In a case that never should have been there in the first place, the Texas Supreme Court has ended a mudfight between the Brazilian state-owned oil giant Petrobras and its European adversary Transcor Astra Group that has been going for nearly 15 years. The Court reversed the Houston [14th] Court of Appeals, which kept the case alive by partially overturning a summary judgment, and rendered judgment in favor of Transcor.
Transcor Astra Group S.A., et al. v. Petrobras American Inc., et al. (No. 20-0932) arose from a nasty divorce that broke up a 2006 joint venture to operate a Pasadena oil refinery (which, by the way, Chevron ended up buying in 2019). It didn’t take long for the marriage to go bad, and by 2009 the parties were locked in a legal struggle over Petrobras’ claims that Transcor paid bribes to Petrobras employees to induce the company into the joint venture. An arbitration award in that year terminated the venture and required Transcor to sell its 50-percent share to Petrobras for $640 million. Petrobras took the share but didn’t pay the money. Dozens of lawsuits ensued, which by 2011 resulted in judgments against Petrobras of more than $750 million and another $400 million in pending claims. The parties reached a comprehensive settlement agreement in 2012, which released all prior claims and required Petrobras to pay $820 million.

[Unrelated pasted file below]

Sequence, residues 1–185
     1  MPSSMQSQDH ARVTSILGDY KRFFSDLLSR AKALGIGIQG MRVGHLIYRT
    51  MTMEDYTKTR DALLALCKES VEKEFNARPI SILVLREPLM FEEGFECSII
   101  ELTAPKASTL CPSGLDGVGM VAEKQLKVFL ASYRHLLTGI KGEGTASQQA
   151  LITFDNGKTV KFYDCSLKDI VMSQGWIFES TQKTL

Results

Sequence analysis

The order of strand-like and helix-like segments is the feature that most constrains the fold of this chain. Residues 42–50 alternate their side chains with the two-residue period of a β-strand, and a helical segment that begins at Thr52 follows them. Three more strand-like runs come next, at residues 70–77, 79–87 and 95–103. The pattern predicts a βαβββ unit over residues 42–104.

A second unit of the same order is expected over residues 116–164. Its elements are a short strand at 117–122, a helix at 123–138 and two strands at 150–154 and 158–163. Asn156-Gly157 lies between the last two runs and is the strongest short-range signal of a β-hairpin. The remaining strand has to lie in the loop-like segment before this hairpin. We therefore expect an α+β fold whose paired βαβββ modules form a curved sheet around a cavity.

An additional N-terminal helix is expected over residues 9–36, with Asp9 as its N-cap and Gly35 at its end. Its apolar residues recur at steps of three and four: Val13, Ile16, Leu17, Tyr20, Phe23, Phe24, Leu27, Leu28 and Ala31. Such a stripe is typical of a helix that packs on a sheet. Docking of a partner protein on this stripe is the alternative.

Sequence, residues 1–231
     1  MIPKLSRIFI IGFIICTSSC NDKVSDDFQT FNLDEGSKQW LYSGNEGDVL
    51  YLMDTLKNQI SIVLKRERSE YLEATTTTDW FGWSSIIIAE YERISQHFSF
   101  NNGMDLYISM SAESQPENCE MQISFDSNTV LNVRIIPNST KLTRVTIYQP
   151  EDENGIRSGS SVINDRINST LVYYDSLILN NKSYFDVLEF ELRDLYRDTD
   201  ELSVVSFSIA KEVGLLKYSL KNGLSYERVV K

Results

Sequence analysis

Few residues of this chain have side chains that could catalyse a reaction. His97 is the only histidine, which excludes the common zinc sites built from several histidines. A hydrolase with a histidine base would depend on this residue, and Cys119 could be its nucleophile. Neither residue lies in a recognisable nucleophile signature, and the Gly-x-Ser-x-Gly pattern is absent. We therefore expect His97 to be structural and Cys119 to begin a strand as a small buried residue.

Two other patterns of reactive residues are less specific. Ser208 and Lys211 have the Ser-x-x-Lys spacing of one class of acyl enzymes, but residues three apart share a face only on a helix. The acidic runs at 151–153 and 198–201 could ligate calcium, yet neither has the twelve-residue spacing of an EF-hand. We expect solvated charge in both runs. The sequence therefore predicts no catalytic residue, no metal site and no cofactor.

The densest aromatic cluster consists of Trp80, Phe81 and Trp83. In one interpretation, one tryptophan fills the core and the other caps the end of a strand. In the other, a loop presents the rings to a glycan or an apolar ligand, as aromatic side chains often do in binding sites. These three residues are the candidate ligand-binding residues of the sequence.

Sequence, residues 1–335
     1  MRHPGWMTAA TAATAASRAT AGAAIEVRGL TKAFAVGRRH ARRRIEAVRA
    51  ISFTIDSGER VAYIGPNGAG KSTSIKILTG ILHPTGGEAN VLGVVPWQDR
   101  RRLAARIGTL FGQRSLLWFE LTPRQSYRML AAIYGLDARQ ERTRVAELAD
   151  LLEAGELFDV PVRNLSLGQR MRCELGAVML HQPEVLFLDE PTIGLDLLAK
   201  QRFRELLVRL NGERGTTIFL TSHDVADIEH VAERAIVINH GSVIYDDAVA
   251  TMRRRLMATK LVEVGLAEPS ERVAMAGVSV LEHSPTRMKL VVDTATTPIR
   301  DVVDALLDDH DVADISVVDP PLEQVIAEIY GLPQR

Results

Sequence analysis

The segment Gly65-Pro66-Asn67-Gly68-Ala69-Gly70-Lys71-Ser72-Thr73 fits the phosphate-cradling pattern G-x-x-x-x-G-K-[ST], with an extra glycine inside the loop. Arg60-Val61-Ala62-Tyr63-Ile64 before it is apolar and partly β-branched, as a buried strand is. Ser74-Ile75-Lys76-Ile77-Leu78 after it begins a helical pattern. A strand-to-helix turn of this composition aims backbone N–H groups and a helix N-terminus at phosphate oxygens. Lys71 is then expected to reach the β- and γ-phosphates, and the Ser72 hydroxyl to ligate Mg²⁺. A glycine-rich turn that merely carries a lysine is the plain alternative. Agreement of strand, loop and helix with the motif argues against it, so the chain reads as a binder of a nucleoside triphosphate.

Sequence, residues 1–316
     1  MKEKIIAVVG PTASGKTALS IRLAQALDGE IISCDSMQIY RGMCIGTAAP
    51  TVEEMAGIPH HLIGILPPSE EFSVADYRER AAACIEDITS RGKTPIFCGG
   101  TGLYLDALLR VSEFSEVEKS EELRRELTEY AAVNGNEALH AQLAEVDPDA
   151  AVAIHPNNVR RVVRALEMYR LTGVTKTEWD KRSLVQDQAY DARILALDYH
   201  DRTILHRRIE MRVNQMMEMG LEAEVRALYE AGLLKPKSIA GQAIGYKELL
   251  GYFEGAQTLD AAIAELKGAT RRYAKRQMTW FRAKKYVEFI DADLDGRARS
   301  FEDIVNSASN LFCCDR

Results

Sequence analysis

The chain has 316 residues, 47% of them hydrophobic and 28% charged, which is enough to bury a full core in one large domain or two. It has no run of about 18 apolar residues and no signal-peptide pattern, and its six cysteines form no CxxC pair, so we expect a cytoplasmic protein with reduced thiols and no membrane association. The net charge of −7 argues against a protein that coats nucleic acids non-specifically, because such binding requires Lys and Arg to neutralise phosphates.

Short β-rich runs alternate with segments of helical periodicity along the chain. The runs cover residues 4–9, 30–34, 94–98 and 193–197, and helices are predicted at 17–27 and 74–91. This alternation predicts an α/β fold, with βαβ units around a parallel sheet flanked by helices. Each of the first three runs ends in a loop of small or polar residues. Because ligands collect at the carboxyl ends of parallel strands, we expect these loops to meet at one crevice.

Instead, it filed suit against in Harris County district court Transcor alleging fraud and corruption (i.e., bribery) with respect to both the 2006 joint venture agreement and the 2012 settlement agreement. In 2018 the trial court entered summary judgment in favor of Transcor on the basis of the 2012 settlement agreement and awarded Transcor $1.3 in attorney’s fees and costs. The court of appeals reversed, holding that Petrobras did not release its fiduciary duty claims related to the 2006 agreement to the extent they related to negotiations leading to the 2012 settlement. The court also held that the reliance disclaimer in the settlement agreement did not extend to Petrobras’ fraud claims against individuals employed by Transcor at the time of the alleged fraud. And the court of appeals reversed the trial court’s award of attorney’s fees and costs. Both parties sought review by SCOTX.